As the end of the year approaches and the temperature drops, more and more students are choosing to drive to class or the library. Since the parking space on campus is limited, this often means that drivers end up walking alone from parking lots or structures. According to the MSU Police Department’s website crime alert page, the commute from on and off-campus parking areas can be a dangerous one. Though 75 percent of sexual assaults happen to women who are in a familiar place, a small percentage occur while women are walking alone on campus, sometimes from their vehicle.
“We had a couple of people who were groped in Lot 93 earlier this year,” said Sgt. McGlothian-Taylor of the MSU Police Department. “Most cases of assault occur when the woman knows her attacker and in those situations we will prosecute the person.”
Taylor couldn’t ballpark how many people are involved in stranger assault and get away without charges, but he said that victims of assault are offered any assistance in tracking their attacker that the police department can provide.
The MSU Police Department guarantees full confidentiality in regards to sexual assault cases, as well as a sensitive and professional approach to each situation. Sexual assault victims will be provided an up-to-date report of all legal action taken with the attacker and are offered assistance to set up any medical or counseling appointments needed.
Students who find themselves walking alone at night can do a few things to reduce the risk of being assaulted.
“Call a group of friends to come pick you up so you’re not walking alone from your car,” Taylor said.
“It’s important to let someone know where you’re going and what time you leave if you expect to be walking alone,” said Lauren Allswede, the advocacy coordinator for MSU’s Sexual Assault Program. The best way to react if you find yourself about to be assaulted is to try to overcome the initial “freeze” that you feel when you’re frightened, she advised.
“Use whatever is around you as a weapon and yell to get the attention of anyone who might be near by.”
The best defense against sexual assault is awareness, Allswede said.
“I’ve heard of a lot of advice that women are given to avoid sexual assault like not wearing a pony tail or not talking on the phone while walking, but the truth is, if someone is intent on attacking you, they will. The most important thing is to stay alert.”
LaShonda Windham, the co-coordinator for the Take Back the Night event that happens annually on campus, agrees.
“A lot of women believe that they could have done something to prevent an attack. The truth is that the only person who can prevent an attack is the assailant. [Getting attacked] is not your fault,” Windham said.
Windam also said that assault victims are often given too much blame.
“A lot of people read about cases of assault on campus and are quick to assume that the assault is the victim’s fault. They say things like ‘Why was she walking alone late at night?’ or ‘Why was she wearing this or that?’ If you think about it, these are ridiculous statements. Everyone should have the right to wear what they want and walk freely around campus,” she said.
Windham said the university could do more to prevent sexual assault and stated that MSU should provide more education to students about the danger of being attacked.
“Being educated about sexual assault and domestic violence is the best way to protect yourself because there are so many myths surrounding the topic.”
The Take Back the Night event was established as a good place to get involved and help spread knowledge about rape, assault and violence against women. Take Back the Night is a day full of events that raise awareness about sexual assault and domestic violence. Typically, the day consists of a march around campus, which symbolizes a unified resistance to violence against women, as well as short skits to raise awareness and a candle light vigil. This year Take Back the Night will be held on April 21, 2010 during Sexual Assault Awareness Month.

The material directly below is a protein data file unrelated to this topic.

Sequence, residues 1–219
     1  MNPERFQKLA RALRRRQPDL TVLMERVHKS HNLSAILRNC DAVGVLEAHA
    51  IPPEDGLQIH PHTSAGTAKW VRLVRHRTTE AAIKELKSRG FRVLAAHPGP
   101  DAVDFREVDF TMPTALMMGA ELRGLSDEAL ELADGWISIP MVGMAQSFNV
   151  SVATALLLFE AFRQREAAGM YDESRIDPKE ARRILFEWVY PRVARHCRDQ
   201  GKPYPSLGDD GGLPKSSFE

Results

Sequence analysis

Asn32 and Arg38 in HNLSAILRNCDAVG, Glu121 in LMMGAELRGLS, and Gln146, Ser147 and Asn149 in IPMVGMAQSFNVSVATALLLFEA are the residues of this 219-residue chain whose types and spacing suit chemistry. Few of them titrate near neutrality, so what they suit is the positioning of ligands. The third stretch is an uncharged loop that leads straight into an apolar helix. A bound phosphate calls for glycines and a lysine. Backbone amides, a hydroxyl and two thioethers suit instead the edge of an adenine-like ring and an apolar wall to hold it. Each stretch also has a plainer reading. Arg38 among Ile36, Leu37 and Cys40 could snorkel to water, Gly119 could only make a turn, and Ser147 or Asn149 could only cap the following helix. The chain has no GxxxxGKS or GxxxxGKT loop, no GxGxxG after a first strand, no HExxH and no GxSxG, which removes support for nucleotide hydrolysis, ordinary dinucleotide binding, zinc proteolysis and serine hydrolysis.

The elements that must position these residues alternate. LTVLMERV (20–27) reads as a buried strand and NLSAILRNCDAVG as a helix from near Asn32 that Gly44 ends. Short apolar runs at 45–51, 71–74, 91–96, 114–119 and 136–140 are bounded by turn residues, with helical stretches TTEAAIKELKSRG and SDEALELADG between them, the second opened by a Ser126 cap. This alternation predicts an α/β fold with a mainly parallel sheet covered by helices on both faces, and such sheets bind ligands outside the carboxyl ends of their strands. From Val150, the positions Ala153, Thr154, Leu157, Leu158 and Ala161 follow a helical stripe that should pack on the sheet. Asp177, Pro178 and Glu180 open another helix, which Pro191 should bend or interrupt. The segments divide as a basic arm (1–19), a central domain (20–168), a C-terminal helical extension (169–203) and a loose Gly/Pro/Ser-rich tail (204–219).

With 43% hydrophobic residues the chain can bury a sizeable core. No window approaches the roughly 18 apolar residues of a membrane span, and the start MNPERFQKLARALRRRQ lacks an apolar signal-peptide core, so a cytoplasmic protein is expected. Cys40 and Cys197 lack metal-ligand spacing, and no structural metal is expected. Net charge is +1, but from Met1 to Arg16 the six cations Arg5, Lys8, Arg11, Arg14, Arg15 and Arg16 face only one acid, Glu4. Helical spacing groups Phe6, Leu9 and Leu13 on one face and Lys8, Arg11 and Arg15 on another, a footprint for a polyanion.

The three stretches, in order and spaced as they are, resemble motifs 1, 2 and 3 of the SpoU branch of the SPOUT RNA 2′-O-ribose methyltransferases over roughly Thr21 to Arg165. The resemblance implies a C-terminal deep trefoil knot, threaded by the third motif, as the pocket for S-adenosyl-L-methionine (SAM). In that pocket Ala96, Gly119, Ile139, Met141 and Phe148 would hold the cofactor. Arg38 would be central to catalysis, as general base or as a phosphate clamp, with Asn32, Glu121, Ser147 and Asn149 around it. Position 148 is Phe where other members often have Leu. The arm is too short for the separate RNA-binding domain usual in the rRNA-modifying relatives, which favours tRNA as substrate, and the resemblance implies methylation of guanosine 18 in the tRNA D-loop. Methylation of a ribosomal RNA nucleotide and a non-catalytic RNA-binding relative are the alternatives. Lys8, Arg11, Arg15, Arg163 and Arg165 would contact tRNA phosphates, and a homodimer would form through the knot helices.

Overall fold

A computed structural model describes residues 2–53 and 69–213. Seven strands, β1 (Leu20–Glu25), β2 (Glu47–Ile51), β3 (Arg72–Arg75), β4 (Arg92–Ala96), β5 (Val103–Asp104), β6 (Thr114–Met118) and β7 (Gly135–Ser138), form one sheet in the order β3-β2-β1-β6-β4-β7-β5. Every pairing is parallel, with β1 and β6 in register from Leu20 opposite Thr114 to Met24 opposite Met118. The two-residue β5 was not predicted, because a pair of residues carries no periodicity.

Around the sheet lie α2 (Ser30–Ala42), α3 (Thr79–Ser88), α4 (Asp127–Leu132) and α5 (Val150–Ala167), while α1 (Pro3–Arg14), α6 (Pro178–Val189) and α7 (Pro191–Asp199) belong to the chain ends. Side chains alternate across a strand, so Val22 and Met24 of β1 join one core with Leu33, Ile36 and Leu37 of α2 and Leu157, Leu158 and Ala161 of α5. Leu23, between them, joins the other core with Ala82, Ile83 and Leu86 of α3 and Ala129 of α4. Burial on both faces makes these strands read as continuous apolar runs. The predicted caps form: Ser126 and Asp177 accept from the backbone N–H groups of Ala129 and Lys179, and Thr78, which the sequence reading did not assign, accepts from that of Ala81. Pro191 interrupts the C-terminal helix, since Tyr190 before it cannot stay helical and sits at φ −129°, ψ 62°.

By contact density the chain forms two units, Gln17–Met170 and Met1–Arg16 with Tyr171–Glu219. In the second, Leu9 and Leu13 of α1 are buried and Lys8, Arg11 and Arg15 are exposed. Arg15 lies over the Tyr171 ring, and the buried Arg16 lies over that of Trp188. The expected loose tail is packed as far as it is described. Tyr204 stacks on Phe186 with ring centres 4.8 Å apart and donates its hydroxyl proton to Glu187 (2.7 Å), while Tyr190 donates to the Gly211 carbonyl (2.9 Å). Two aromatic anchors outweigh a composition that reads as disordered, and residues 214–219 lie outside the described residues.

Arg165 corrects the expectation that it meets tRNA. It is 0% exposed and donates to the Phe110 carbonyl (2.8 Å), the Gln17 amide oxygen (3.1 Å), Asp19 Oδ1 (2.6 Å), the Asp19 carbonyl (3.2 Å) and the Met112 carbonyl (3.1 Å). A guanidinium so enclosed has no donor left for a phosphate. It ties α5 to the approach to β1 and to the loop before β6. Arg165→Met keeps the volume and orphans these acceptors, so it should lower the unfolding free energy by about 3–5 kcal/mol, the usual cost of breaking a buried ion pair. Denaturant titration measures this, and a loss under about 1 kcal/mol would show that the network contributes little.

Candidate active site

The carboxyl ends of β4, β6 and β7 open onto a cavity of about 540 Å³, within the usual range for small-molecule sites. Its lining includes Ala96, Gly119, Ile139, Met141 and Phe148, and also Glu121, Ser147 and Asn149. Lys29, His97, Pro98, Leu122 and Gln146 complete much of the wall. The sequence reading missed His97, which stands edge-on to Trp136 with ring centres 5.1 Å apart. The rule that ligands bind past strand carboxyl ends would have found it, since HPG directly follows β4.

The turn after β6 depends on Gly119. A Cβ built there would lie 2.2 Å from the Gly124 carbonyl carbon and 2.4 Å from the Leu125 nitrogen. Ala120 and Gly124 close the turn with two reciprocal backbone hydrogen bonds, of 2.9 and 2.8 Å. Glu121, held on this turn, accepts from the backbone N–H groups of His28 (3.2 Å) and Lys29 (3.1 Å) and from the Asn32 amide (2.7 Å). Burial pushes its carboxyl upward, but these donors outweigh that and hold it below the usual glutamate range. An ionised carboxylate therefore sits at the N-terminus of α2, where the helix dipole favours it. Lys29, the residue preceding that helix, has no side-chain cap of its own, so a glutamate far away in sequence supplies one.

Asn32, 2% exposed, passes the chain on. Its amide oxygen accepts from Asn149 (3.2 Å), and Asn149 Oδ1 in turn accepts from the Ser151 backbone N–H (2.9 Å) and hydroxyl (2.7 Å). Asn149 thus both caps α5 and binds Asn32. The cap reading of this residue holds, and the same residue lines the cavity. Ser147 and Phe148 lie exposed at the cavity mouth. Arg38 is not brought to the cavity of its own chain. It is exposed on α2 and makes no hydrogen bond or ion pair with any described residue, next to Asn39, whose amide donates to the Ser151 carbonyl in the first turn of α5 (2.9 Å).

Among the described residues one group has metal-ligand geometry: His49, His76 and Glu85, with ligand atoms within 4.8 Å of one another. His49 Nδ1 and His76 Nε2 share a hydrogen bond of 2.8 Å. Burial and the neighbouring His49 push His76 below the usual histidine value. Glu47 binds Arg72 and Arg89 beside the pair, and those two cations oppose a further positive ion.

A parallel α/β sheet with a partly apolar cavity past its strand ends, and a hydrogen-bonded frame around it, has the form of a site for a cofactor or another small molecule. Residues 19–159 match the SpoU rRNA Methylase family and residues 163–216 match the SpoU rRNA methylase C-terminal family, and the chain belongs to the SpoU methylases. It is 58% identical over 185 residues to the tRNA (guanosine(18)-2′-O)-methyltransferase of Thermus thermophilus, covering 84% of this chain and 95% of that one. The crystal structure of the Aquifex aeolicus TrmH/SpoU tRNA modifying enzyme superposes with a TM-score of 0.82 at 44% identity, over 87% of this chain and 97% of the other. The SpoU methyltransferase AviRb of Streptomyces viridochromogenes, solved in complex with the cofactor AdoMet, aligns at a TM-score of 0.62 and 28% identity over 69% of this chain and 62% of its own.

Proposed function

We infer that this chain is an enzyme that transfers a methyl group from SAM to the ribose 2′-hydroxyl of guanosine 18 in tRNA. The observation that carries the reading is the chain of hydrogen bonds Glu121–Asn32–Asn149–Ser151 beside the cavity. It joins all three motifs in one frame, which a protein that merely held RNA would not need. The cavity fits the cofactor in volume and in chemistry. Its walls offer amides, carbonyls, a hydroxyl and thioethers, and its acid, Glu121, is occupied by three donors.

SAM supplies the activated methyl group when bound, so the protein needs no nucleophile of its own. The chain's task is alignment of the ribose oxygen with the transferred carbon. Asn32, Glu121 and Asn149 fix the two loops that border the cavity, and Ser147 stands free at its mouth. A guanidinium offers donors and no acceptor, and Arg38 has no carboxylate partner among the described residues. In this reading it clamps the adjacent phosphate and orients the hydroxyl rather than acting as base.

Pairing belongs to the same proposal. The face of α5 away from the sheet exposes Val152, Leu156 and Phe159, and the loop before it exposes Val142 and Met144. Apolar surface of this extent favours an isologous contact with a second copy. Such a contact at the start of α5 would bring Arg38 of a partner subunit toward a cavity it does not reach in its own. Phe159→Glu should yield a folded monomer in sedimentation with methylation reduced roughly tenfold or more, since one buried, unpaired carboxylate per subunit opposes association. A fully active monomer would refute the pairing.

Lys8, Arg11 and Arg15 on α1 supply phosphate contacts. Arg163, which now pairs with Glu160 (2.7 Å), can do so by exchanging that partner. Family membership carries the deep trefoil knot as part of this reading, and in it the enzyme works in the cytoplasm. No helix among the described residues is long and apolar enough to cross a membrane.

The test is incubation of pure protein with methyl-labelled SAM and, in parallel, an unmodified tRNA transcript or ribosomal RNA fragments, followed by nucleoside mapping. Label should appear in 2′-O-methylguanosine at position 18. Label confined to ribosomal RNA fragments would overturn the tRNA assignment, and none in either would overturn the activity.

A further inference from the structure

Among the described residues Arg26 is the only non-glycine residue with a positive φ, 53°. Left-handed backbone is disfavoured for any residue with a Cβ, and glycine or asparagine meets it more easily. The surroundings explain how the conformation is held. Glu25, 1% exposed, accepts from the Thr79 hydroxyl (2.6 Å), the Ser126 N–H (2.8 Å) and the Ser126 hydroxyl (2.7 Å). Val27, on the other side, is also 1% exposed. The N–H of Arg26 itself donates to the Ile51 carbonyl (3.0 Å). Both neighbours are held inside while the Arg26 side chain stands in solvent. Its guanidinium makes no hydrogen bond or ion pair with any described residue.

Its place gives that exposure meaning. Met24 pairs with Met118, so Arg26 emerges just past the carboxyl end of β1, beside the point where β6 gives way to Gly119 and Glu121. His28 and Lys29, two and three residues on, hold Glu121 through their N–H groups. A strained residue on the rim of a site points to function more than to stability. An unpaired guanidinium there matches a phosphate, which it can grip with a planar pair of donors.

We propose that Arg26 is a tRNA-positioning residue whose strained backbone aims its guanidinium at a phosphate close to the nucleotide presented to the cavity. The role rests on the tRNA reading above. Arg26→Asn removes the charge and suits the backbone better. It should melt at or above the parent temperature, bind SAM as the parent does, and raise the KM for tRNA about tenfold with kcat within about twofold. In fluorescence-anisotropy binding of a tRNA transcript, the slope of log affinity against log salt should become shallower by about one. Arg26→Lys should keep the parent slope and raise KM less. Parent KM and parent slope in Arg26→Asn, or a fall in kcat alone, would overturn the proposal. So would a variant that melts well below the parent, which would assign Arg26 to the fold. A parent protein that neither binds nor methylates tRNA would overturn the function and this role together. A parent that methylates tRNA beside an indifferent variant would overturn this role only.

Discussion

MSU does offer some services to students who might be walking alone late at night.
“There is a two hour self-defense class that I recommend,” Allswede said. “Also, there are people who will accompany you on a walk home or to your car if you’re leaving the library after dark.”
The green lights on campus have proven to be quite affective as well.
“If a button is pushed, someone will be there as immediately as possible to help,” Allswede said. “Ideally, the best way to signal help using the green lights is to continue pushing them as you run from your attacker, though it’s difficult to plan such a calculated route.”
In addition, MSU Safe Place is an on-campus program for students, faculty, staff and retirees in the Lansing area who have experienced sexual assault or domestic violence. It offers counseling and other educational programs about abuse and assault, as well as a confidential place to stay for victims who experience continuous domestic violence or need somewhere to hide.
Olin Health Center and Sparrow Hospital also provide support for students who have been sexually assaulted. Both have a 24-hour crisis line available to anyone who has been a victim of rape or assault, needs medical attendance or would like resources regarding what to do after an incident. Sparrow’s Sexual Assault Nurse Examiner Program offers a confidential examination, STD treatment, referrals, emergency contraception and education for victims. For more information and counseling, contact the Sexual Assault Program located in the Student Services Building. The program is part of MSU’s counseling center and is offered to anyone in the area who has been a victim of sexual assault. Last year the program helped over 300 people with legal or medial aid and acted as a place to go for those who were afraid and confused after an assault incident.